This summer’s USWNT World Cup triumph was portrayed by sports media as something of a fairy tale ride. It seemed like the entire country took joy in watching the U.S. Women ruthlessly dominate the rest of the world on the way to the crown. And the celebrations and happy feelings have lingered ever since.

But because the World Cup represented the highest possible level of competitive sports, the reality was never that simple, and the USWNT run couldn’t have been a fairy tale with a perfect ending. Now that the celebrations have finished and the euphoria has died down, we’re getting a better sense of what really happened on the way to the top.

During a recent appearance on ESPN’s Laughter Permitted with Julie Foudy podcast, Carli Lloyd did not hold back about how she felt playing a reserve role on the World Cup team:

“I’m not going to lie and sugarcoat it. It was absolutely the worst time of my life. It affected my relationship with my husband, with friends. It really was rock bottom of my entire career. But somehow, you see the light at the end of the tunnel, and I can honestly say I’m having more fun now playing than I ever have in my career. I think I just learned a lot throughout it…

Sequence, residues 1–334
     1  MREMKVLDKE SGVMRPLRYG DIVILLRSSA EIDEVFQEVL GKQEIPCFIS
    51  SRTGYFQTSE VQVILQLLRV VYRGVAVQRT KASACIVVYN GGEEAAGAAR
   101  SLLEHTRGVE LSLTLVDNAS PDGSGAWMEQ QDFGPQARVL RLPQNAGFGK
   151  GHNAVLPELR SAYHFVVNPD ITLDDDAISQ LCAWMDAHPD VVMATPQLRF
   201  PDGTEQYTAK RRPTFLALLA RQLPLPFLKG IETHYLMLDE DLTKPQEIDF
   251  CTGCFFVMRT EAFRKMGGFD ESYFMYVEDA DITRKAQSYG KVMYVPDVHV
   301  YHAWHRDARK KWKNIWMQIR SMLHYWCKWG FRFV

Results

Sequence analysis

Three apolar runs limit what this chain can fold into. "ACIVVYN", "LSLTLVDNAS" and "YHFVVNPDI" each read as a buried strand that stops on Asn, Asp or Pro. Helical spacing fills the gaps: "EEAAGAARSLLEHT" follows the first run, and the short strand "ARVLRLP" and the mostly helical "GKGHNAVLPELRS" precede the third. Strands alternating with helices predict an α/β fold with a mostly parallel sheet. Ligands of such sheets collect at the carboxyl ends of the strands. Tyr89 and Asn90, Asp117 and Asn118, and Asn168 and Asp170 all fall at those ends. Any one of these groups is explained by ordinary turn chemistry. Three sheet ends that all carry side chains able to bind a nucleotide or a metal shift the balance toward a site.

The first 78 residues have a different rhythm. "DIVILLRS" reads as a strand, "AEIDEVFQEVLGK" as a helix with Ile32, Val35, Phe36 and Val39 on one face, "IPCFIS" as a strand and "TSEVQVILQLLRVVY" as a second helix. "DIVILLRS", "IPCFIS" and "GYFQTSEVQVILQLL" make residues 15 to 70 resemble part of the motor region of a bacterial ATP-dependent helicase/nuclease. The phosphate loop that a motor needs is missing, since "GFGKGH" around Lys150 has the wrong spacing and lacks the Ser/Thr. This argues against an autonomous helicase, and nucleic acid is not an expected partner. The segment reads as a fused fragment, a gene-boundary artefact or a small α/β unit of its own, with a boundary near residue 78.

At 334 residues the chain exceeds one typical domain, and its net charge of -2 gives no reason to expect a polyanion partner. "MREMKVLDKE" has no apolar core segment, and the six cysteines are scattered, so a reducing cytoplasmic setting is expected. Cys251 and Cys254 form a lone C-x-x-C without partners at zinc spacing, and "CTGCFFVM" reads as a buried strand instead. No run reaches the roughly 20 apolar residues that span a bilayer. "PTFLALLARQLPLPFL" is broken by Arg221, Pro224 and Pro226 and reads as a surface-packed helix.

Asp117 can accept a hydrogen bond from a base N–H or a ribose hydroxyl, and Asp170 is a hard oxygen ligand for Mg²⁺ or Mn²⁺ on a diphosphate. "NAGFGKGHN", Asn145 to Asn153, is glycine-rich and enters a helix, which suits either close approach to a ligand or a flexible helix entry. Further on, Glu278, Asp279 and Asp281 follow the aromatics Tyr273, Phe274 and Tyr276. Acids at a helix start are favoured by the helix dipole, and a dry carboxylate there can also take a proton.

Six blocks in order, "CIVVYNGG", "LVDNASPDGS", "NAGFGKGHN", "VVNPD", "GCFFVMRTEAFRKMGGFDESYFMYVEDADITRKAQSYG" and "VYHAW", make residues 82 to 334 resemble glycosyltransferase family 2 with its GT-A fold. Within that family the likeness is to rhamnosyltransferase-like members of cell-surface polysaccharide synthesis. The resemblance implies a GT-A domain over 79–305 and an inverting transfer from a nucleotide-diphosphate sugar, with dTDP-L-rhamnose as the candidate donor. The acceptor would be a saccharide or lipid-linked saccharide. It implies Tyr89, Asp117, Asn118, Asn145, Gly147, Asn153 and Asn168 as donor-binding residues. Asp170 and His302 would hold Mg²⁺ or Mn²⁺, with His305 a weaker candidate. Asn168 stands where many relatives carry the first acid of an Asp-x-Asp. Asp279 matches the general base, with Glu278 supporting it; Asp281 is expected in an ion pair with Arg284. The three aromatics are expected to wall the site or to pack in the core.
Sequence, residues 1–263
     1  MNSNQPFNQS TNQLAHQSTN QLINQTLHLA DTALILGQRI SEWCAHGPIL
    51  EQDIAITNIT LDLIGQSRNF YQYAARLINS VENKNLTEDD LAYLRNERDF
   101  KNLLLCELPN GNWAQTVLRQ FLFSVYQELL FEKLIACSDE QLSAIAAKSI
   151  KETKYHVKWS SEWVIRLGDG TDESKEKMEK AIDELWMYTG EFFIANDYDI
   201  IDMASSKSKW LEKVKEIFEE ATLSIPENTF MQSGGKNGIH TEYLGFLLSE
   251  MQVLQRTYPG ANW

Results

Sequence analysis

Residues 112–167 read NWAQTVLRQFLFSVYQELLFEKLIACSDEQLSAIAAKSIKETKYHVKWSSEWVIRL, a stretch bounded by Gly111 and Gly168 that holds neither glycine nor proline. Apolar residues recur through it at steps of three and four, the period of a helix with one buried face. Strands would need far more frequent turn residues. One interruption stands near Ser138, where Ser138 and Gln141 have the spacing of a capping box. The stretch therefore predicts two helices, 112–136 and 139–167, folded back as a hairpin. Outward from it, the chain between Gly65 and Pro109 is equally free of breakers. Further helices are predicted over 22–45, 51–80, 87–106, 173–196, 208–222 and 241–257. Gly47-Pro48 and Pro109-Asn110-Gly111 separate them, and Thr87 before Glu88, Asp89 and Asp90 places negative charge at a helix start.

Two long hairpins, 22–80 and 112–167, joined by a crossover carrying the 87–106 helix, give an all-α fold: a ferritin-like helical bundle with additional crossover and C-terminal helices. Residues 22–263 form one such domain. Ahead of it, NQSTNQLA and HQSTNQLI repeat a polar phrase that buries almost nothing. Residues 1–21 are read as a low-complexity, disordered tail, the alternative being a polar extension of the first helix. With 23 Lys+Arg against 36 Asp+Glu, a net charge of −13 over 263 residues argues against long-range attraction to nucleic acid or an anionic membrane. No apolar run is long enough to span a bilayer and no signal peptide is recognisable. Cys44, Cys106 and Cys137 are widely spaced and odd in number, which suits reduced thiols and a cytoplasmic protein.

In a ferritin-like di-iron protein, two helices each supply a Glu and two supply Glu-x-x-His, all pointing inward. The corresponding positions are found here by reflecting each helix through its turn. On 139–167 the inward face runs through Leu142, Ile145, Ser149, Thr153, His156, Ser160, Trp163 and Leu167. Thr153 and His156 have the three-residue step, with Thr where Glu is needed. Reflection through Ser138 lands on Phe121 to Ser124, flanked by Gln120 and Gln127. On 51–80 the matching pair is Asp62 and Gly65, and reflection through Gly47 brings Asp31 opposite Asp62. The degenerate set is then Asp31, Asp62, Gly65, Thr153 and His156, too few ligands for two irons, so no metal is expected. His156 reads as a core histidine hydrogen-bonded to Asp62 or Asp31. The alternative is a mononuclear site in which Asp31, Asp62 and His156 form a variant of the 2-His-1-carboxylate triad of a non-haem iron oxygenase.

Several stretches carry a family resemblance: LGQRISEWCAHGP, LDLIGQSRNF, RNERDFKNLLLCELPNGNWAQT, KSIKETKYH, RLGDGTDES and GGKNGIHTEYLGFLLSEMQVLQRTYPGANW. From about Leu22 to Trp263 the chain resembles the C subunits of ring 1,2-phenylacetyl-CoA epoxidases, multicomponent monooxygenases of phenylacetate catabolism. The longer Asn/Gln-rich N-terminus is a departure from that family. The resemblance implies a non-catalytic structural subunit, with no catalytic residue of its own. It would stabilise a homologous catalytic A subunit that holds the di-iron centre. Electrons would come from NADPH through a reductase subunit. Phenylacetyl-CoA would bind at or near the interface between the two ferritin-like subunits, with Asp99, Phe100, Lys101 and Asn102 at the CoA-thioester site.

“There’s no denying it. I deserved to be on the field that whole World Cup, but I wasn’t. And I think I’ve grown as a person, as a player. It sucked. It absolutely sucked.”

That’s a lot to digest, especially in the wake of an historic championship. For one thing, Lloyd’s honest response has the potential to provoke outrage among any number of hot take artists who want to go on ESPN and scream “Selfish!” or “What about the team?” or any random cliché that qualifies as sports journalism because the volume goes to 11.

On the surface, Lloyd’s hard feelings appear especially problematic when contrasted with the rest of her teammates, who continue to revel in the joyful aftermath of their world championship. And there’s no better example of reveling in that joy than Megan Rapinoe.

Imagine how good Carli Lloyd must be if this is the end result of the worst time of her life.

At the same time that Lloyd revealed her inner demons, Rapinoe got to attend the 40th Annual Salute to Women in Sports Awards and appear the picture of contentment as she spoke to People Magazine about her relationship with Sue Bird:

“I love being a WAG and a superfan. I think it’s AMAZING and to be able to, you know, watch your partner exceed and excel and be exactly who they are in a public forum. That’s pretty special…

“Neither of us are jealous or weird about each other’s careers. We are just kind of there to support each other.”

It appears that Rapinoe has mastered the art of being humble and magnanimous. And in the sports fandom landscape, whenever there’s a contrast like this, there are endless “Tony from Ciceros” ready to call in to sports talk radio to yell something about how “Megan Rapinoe could teach Carli Lloyd a lesson!”